Florida Republican Sen. Rick Scott is calling for a review of U.S. military programs that train foreign nationals following a deadly shooting aboard Naval Air Station Pensacola, Florida.
A Saudi Arabian military student shot and killed three and injured eight more with a handgun before being killed by sheriff’s officers, Navy and local law enforcement officials told Navy Times Friday.
The Pensacola air station base commander Capt. Timothy Kinsella said the Saudi student was in aviation training. Navy Times reported that a couple hundred international students train at the Florida installation.
“I’m extremely concerned by reports that this shooter was a foreign national training on a U.S. military base in Florida,” Scott said in a statement released Friday.
“Today, I’m calling for a full review of the U.S. military programs to train foreign nationals on American soil. There is no reason we should be providing state-of-the-art military training to people who wish us harm,” Scott said in the statement.
Secretary of Defense Mark Esper said in a statement released Friday evening that he had spoken with Florida Gov. Ron DeSantis, the Navy secretary and Deputy Secretary David Norquist, and said that he was “considering several steps to ensure the security of our military installations and the safety of our service members and their families.”
“I offer my condolences to the families of the victims of both the Pearl Harbor and the Pensacola Naval Air Station shootings. The Department of Defense continues to monitor the situation in Pensacola and gather all the facts of each attack,” Esper said Friday.
The motive of the Saudi attacker is unknown. But Scott referred to the incident as an “act of terrorism” in his statement.
“It’s is clear that we need to take steps to ensure that any and all foreign nationals are scrutinized and vetted extensively before being embedded with our American men and women in uniform,” Scott said.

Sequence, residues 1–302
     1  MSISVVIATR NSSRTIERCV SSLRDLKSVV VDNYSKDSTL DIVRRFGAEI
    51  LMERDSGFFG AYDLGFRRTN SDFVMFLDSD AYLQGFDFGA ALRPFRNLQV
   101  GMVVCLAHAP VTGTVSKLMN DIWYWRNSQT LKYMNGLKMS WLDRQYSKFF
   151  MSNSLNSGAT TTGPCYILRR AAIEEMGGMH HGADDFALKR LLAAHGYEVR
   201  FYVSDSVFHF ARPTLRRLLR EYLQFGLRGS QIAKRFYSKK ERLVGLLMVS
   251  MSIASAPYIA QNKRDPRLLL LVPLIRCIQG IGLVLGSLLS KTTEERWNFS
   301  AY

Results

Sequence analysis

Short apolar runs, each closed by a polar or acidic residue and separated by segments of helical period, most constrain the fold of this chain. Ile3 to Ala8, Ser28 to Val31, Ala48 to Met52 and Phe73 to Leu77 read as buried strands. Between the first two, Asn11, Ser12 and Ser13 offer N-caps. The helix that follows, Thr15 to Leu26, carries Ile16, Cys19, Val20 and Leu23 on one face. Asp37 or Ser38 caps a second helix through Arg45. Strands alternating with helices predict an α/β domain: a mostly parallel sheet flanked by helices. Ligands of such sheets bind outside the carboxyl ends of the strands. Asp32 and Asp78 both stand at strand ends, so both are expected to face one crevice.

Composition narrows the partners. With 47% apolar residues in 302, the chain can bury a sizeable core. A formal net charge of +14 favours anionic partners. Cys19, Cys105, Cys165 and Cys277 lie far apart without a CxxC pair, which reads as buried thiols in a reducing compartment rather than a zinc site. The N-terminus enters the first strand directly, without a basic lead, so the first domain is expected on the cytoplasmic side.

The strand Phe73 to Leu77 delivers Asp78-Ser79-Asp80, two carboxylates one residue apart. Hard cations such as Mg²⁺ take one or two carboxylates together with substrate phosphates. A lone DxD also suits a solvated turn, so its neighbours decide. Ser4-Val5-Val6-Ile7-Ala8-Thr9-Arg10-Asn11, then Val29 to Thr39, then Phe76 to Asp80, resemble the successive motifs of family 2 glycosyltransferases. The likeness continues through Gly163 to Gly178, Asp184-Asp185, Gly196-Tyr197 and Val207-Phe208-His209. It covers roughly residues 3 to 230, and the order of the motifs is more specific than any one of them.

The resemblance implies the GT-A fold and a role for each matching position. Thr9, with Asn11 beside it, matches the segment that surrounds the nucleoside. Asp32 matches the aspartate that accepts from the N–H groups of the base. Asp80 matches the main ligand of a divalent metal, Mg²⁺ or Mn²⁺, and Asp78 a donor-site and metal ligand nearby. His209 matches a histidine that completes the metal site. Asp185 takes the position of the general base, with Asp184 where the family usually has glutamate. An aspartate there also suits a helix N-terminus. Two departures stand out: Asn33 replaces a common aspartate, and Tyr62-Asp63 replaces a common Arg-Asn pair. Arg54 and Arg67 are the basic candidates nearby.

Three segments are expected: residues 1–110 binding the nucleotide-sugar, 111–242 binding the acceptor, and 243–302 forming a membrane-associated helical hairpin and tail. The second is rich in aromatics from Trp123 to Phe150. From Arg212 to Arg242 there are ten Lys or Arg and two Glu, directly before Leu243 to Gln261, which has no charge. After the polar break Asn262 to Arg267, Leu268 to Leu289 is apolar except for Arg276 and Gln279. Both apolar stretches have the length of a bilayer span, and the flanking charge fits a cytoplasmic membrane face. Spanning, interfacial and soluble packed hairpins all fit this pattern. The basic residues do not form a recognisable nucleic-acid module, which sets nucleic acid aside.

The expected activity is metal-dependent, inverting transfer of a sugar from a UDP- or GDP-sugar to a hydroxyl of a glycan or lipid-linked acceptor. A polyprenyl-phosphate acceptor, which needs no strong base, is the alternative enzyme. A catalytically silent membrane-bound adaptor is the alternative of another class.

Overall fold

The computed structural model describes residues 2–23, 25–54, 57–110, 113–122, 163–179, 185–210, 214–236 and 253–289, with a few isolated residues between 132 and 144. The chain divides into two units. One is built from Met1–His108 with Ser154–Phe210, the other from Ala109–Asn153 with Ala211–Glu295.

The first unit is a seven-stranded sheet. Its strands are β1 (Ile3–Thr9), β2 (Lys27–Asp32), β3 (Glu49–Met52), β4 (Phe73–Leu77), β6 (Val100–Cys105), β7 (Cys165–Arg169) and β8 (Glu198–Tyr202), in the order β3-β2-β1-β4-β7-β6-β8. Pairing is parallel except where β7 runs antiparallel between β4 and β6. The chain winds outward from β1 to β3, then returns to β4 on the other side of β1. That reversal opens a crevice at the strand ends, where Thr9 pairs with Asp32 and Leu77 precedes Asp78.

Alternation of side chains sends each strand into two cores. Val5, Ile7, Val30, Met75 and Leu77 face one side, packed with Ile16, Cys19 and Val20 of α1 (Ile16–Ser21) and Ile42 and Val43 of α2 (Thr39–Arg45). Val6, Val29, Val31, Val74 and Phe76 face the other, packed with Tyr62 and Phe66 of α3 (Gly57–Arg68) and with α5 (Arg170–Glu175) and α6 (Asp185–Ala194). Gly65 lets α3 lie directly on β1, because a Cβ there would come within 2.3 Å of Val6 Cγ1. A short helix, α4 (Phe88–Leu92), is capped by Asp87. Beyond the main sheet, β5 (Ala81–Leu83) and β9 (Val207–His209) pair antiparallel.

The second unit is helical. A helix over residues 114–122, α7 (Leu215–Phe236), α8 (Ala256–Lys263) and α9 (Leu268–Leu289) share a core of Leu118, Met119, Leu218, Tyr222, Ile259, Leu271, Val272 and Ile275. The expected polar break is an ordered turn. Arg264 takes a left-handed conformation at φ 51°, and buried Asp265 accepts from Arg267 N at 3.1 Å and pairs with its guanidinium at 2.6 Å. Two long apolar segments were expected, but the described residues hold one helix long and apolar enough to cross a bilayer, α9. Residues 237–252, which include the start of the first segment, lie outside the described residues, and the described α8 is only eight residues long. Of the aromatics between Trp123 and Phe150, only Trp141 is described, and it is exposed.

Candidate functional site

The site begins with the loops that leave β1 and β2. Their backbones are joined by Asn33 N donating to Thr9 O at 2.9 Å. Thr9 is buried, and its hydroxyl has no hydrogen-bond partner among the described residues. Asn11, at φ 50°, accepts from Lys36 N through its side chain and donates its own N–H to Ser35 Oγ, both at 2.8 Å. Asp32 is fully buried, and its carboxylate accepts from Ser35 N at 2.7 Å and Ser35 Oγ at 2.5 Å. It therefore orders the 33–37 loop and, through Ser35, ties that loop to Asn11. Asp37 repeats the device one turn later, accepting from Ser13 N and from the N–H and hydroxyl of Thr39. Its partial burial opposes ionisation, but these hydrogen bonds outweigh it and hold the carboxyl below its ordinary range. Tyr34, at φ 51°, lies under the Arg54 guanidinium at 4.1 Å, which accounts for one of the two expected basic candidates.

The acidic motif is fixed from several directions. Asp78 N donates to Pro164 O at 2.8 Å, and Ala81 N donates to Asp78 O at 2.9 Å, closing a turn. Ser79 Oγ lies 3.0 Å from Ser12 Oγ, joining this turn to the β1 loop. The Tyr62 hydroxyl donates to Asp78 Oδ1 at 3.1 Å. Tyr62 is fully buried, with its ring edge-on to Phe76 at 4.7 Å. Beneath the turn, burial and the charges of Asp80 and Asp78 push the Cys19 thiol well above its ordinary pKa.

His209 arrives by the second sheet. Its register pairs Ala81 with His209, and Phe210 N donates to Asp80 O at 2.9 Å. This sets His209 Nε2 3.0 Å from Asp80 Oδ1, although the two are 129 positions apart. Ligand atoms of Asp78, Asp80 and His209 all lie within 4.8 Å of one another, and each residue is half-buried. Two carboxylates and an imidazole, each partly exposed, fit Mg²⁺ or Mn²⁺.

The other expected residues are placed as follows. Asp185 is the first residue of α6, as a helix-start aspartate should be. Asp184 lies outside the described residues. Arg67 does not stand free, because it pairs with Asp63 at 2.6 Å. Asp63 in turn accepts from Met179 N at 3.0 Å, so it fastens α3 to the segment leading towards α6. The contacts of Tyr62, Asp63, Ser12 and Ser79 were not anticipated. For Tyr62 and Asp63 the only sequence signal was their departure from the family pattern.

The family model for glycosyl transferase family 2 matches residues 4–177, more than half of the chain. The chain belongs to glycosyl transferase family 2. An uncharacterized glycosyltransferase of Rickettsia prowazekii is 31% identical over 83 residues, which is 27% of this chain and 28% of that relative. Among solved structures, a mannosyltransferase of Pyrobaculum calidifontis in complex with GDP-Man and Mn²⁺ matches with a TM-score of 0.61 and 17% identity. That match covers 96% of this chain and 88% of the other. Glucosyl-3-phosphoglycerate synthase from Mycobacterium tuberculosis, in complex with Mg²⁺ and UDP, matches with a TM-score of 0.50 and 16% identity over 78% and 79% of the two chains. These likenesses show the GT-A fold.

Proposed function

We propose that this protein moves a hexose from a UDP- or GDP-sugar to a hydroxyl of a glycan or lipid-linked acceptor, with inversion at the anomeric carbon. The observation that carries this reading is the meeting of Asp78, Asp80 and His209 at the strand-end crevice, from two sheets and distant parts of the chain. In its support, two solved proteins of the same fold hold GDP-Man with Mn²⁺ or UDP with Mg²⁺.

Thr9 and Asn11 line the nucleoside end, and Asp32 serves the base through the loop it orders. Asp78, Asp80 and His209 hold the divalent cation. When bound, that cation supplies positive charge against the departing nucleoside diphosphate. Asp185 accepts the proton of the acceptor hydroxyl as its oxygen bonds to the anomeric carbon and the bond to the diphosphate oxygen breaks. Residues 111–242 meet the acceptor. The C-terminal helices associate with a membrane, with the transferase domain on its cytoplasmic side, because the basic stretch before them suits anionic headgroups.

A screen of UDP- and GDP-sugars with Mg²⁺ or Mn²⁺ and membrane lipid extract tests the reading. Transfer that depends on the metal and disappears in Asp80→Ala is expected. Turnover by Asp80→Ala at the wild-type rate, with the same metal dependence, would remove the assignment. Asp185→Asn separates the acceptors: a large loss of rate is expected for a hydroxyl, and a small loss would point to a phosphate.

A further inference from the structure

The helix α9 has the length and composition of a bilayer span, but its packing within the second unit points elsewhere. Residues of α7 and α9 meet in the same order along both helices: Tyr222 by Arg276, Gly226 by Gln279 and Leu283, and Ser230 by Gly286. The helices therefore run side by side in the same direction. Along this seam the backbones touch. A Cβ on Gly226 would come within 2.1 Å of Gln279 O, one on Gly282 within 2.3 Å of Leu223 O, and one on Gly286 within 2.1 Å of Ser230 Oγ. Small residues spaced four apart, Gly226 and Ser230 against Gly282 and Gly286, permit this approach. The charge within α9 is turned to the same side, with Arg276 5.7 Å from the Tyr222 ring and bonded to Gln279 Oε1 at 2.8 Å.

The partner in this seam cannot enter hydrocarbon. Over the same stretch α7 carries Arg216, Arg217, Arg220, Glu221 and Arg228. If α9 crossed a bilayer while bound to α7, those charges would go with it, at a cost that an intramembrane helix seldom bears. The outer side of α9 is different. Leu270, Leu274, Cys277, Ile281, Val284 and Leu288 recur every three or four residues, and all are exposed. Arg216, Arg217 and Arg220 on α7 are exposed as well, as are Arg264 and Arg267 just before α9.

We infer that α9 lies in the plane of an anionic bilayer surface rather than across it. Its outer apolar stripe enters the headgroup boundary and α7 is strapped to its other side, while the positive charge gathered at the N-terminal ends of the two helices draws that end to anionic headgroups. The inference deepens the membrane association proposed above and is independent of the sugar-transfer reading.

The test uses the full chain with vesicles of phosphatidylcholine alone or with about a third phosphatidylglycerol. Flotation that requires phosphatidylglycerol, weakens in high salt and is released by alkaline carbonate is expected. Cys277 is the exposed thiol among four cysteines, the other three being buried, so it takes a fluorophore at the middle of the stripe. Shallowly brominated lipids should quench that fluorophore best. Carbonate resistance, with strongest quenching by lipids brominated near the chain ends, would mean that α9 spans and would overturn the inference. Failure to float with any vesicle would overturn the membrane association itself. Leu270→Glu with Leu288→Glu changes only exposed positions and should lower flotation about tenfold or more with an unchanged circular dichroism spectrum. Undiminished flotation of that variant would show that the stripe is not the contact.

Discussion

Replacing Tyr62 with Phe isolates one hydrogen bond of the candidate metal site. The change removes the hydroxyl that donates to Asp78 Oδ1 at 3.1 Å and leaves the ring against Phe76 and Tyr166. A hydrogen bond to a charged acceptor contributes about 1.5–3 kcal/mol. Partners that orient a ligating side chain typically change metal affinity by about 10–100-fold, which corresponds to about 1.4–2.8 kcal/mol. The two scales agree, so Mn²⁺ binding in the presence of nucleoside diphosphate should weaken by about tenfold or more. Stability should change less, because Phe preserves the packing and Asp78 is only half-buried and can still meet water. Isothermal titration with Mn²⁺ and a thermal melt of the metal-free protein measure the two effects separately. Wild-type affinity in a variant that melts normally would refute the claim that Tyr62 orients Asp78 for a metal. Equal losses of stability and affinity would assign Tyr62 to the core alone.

“And most importantly, there is no reason to risk the safety and security of our American men and women in uniform,” he said.
Scott’s sentiments were echoed by U.S. Rep. Matt Gaetz, a Florida Republican, who called for “extreme vetting” for foreign troops coming to train in the U.S.
Florida Republican Rep. Michael Waltz, an Army officer and decorated Green Beret, tweeted Friday that someone “dropped the ball” in vetting the Saudi attacker, and vowed to get to the bottom of what happened.
“I’ve trained with foreign nationals in military bases all over the United States,” Waltz tweeted. “The relationships we build together are very important. It’s critical that our allies learn how to operate the American military equipment we sell to them.”
Two officers were wounded during the shooting, one shot in the arm and the other in the knee, Escambia County Sheriff David Morgan said during a press conference Friday.
Military Times reached out to the Navy regarding the number of foreign nationals and courses currently being attended by international students aboard the Pensacola base and have yet to receive a response.
The U.S. military has a relatively robust program that trains allied and partner nations forces on U.S. bases in the United States. But those programs have not always been successful.
A program that trained Afghan pilots in the U.S. was canceled in 2019 after nearly half the students ditched the training and went absent-without-leave, commonly called AWOL by servicemembers.
A government watchdog reported that roughly 40 percent of Afghan students learning to fly the AC-208 Combat Caravan at Fort Worth, Texas, went AWOL.
Students who didn’t go AWOL were sent back to Afghanistan to complete their training.
Friday’s attack aboard Pensacola followed a shooting spree Wednesday at Pearl Harbor Naval Shipyard, Hawaii, where a sailor shot and killed two Department of Defense shipyard workers. The gunman was identified by Pentagon officials as Machinist’s Mate Auxiliary Fireman Gabriel Antonio Romero Friday.
Romero took his own life by a self-inflicted gunshot during the incident.
The names of the victims in Friday’s shooting aboard Pensacola will not be released until the next of kin have been notified.
Shawn Snow is the senior reporter for Marine Corps Times and a Marine Corps veteran.